Sunday, February 24, 2008

The Boys, a graphic novel by Garth Ennis and Darick Robertson

My interest in graphic novels has been off-again, on-again and has re-entered the on-again stage.

I was in the Comic Cubicle to pick up We3, the story of three "animal weapons" - a dog, a cat, and a rabbit - who escape captivity before they can be terminated when the program in which they were created is closed down. Will Wheaton recommended it on his blog and I liked his other recommendation so much (Fell) I decided to get We3. It wasn't in so I started browsing. By the way, comic stores are browsable unlike most big box bookstores. I found The Boys, written by Garth Ennis (Preacher) and illustrated by Darick Robertson.

The story line immediately appealed to me. I enjoy seeing a common theme reversed. Even if you don't read comics you know about super heroes battling super villains to save the world. What if the super heroes are really arrogant, super jerks who have only disdain for normal people, for whom a 60% attrition rate is acceptable because they don't know what they are doing? That's the idea here. The president of the U.S. unofficially sanctions a team, The Boys, to monitor the activities of the super heroes and stop them when they go too far. The Boys are Butcher, Frenchie, The Female, Mother's Milk, and Wee Hughie. OK, one of The Boys is a woman. Basically, they declare war on the supers. In volume one we learn that Butcher and Wee Hughie have personal scores to settle against the super heroes. Butcher's wife was raped by one, and Wee Hughie's girlfriend was killed by another. Wee Hughie is is the newest member of The Boys and his attempt to come to terms with their mission is possibly the only endearing aspects of this series. He is still an innocent among psychopaths.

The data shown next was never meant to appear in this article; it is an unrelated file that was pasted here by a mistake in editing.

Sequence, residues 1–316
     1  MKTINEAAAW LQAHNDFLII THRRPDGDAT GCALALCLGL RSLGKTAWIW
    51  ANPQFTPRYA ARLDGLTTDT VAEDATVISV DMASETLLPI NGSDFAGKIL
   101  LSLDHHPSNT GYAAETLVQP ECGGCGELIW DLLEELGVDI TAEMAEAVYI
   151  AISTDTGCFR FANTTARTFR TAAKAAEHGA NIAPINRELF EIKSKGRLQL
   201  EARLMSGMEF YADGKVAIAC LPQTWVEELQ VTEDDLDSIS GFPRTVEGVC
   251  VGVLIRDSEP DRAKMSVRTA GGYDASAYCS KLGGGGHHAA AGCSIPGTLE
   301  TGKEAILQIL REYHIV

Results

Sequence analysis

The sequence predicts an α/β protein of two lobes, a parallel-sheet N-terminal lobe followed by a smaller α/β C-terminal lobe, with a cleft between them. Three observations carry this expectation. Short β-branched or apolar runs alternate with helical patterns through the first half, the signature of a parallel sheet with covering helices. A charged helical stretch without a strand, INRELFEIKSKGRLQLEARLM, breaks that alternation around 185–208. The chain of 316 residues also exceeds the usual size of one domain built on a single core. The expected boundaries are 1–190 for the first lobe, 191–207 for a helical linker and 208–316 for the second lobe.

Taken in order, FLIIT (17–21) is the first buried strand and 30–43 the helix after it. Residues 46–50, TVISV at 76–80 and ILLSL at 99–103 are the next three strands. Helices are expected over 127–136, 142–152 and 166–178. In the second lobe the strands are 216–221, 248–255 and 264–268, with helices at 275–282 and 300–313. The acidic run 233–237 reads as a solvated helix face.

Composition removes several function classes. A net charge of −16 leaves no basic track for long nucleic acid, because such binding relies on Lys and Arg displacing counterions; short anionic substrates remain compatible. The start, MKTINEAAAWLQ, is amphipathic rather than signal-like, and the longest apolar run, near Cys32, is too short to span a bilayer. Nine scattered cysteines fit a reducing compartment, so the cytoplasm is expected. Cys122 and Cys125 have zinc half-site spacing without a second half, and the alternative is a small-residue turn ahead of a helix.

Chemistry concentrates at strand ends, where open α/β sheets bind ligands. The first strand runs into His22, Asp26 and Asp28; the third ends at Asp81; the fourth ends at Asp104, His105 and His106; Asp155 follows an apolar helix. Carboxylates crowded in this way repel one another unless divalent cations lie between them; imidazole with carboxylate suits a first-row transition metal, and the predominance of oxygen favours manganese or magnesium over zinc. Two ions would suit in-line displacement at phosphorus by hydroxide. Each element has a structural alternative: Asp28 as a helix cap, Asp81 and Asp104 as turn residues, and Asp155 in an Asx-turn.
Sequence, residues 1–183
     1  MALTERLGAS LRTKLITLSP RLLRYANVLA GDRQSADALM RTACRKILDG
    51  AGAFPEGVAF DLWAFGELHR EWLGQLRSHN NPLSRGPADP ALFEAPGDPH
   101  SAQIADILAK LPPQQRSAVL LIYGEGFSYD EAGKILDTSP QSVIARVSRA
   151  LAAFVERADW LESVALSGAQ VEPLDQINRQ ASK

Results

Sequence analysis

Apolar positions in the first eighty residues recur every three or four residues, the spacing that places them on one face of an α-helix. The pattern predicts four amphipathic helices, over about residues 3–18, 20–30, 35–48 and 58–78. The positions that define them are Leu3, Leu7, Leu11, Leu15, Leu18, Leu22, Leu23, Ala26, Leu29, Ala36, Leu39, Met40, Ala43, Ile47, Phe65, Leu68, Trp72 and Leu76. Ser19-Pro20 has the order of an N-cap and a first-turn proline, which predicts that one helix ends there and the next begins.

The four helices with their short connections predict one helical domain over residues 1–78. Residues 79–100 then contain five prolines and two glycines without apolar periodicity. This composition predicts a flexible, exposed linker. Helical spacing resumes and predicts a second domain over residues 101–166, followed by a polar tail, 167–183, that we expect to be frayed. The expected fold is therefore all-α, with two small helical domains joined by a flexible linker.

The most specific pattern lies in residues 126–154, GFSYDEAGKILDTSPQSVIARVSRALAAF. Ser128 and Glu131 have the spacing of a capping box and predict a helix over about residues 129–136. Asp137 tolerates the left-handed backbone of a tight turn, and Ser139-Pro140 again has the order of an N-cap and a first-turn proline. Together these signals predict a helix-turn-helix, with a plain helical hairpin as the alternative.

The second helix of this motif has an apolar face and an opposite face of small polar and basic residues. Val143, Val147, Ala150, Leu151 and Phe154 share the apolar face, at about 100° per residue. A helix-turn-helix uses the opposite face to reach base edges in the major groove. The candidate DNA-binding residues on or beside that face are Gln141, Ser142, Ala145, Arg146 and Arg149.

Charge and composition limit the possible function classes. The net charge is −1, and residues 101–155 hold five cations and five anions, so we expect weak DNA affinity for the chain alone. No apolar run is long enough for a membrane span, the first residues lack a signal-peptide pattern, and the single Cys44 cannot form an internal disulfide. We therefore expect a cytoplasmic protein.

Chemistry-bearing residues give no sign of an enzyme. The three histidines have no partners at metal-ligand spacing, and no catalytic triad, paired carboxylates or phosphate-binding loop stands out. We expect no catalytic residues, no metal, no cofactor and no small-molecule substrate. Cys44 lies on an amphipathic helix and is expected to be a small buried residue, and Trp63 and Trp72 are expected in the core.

Besides the story, another reason I had to have volume one of this series is Wee Hughie. They used Simon Pegg as a model when drawing this character. You might remember Simon Pegg in Shaun of the Dead, one of the best zombie movies ever. Also, he will play a young Scotty in the next Star Trek movie which might actually get me in the theatre to see it. I get a kick seeing Simon Pegg battling super heroes.

When I took The Boys to the counter I was cautioned that it is a bit twisted. I don't know if that was out of deference to my age and perhaps I should be looking at Archie and Jughead or if it was a general caution. The fellow was quite correct; The Boys has extreme violence and graphic sex. Definitely for mature readers, really mature readers.

Halting State by Charles Stross

Halting State is a technological thriller set in 2018 in Scotland. The starting point is a bank robbery by a gang of orcs in the virtual reality world of Avalon Four. From there it expands into a threat on the world's information infrastructure, and the use of virtual reality worlds and role playing games for governments to conduct clandestine activities.

The technological future Stross imagines is well grounded and not unlikely to be available in ten years. It is a fascinating look at the expansion of cell phone technology and gaming.